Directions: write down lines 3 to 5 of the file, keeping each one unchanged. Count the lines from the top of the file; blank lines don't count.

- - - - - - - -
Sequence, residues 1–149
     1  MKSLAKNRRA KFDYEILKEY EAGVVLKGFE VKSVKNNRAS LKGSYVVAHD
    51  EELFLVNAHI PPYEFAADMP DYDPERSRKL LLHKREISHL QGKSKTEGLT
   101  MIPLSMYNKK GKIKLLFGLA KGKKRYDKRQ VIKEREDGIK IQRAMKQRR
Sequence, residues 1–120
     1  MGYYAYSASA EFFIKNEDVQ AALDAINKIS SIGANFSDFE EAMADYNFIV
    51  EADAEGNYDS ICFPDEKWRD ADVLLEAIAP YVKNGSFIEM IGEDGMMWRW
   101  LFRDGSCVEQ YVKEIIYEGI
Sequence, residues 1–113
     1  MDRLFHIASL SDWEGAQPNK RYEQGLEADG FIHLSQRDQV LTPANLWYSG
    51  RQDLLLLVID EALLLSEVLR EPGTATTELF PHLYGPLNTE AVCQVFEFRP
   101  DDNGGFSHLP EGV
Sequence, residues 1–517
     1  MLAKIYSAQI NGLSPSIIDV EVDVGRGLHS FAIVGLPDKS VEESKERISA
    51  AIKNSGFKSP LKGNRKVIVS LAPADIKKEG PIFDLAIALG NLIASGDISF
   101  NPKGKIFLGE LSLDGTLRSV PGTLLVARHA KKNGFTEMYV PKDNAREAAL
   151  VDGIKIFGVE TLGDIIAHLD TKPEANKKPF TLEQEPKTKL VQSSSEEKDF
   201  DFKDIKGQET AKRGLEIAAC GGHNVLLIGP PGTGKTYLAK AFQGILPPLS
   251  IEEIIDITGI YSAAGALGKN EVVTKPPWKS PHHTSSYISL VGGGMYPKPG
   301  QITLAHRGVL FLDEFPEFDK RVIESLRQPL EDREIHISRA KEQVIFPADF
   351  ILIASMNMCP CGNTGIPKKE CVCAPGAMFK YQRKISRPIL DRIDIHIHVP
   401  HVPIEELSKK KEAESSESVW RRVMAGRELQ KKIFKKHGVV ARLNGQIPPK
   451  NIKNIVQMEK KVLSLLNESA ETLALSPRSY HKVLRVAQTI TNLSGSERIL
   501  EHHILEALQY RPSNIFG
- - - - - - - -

    51  EELFLVNAHI PPYEFAADMP DYDPERSRKL LLHKREISHL QGKSKTEGLT
   101  MIPLSMYNKK GKIKLLFGLA KGKKRYDKRQ VIKEREDGIK IQRAMKQRR
Sequence, residues 1–120